Public perceptions aren’t even close to reality -- by a 52% to 19% margin, for example, likely voters think their federal tax burden has gone up over the last couple of years, even though it hasn’t. Indeed, Democrats approved one of the largest middle-class tax cuts in American history, and the public has no idea that it even happened.
The same is true of the strength of the economy in general -- the economy stopped shrinking and started growing more than a year ago, but 61% of respondents in this poll said the economy continued to shrink in 2010, even though it hasn’t.
Needless to say, it is hard to win an election when people are this confused about things.
And then there is this...
After a historic legislative session that saw the passage of health care and Wall Street reform bills, most Americans think Congress accomplished less than or the same amount as usual.
In a new Gallup Poll, 37 percent said Congress did less than what is accomplished in a typical session, while 35 percent said it did the same amount.
Only 23 percent said Congress accomplished more than usual.
So people think taxes have gone up when they have not. They think the economy is worse than it really is. And they think Congress has done very little when it has actually accomplished more than any other Congress before it.
When people go to the polls holding such backwards and upside down assumptions, it is no wonder that they end up voting against their interests.
All I can say is that the rightwing campaign to keep people ignorant and misinformed has been highly effective. Rush Limbaugh, Glenn Beck, Sean Hannity, Bill O’Reilly, et al. are very, very good at their jobs. That is why they get the big bucks, no doubt.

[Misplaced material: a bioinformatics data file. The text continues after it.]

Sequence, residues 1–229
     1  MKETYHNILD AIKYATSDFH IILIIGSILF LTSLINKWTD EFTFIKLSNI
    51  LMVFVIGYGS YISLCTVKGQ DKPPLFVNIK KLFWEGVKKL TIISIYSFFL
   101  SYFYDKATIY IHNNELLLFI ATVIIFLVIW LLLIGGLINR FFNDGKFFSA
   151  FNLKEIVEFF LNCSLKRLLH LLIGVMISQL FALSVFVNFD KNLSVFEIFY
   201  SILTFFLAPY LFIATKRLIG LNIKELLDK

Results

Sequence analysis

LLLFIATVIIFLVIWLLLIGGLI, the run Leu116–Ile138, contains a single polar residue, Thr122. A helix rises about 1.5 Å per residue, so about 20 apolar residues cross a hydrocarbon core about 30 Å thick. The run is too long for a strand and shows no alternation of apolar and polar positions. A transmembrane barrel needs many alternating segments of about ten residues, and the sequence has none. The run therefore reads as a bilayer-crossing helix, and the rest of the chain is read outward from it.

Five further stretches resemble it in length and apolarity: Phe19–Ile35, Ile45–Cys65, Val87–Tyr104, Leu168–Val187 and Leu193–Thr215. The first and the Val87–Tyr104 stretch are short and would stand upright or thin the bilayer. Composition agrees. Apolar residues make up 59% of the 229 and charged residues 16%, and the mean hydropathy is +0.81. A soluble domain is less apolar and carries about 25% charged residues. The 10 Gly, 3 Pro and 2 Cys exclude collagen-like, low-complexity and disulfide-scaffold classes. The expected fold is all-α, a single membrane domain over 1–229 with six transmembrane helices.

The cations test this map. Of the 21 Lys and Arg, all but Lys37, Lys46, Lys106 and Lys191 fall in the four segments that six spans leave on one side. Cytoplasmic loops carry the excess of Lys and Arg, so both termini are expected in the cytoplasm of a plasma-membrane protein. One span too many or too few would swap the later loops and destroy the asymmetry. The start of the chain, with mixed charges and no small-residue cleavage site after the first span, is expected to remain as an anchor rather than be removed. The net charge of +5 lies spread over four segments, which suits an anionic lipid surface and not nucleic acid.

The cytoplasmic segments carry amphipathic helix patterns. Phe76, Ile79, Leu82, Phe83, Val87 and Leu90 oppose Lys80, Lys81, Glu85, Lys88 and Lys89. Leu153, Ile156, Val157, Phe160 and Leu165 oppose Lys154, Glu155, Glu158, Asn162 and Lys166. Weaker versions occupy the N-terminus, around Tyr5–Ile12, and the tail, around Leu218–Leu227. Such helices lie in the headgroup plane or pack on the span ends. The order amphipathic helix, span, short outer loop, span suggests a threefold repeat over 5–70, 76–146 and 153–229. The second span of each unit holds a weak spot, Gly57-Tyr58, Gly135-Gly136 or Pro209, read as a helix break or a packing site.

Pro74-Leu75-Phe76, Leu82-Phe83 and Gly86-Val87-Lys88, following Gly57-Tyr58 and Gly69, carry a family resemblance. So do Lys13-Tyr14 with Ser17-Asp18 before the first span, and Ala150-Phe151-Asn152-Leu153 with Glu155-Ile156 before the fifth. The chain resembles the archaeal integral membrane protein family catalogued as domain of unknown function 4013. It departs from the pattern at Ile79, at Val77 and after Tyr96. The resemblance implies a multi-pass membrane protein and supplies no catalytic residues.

Meanwhile, the rest of us are going to end up with a country that is hamstrung and dysfunctional for the next two years, if not longer. It is highly depressing especially after the promise of what could have been after the big blowout Democratic victories in 2006 and 2008.
But Republicans managed to hold fast even with one of the smallest minorities in history and by massively abusing Senate rules on filibusters and secret holds. Thus they were able to stall, stymie and kill large numbers of bills and change others far beyond what would have easily passed on a straight-up, majority vote.
So the new standard now is that 59 votes in the Senate is not enough to do anything, therefore nothing will get done until we actually get a party with a lopsided majority in Congress or until reason and rationality breaks out and we finally reform the Senate’s antiquated and undemocratic (not to mention unconstitutional) filibuster rules.
Alas, the former is much more likely to happen in my opinion before the latter.
Good luck, my fellow Americans. We are all going to need it.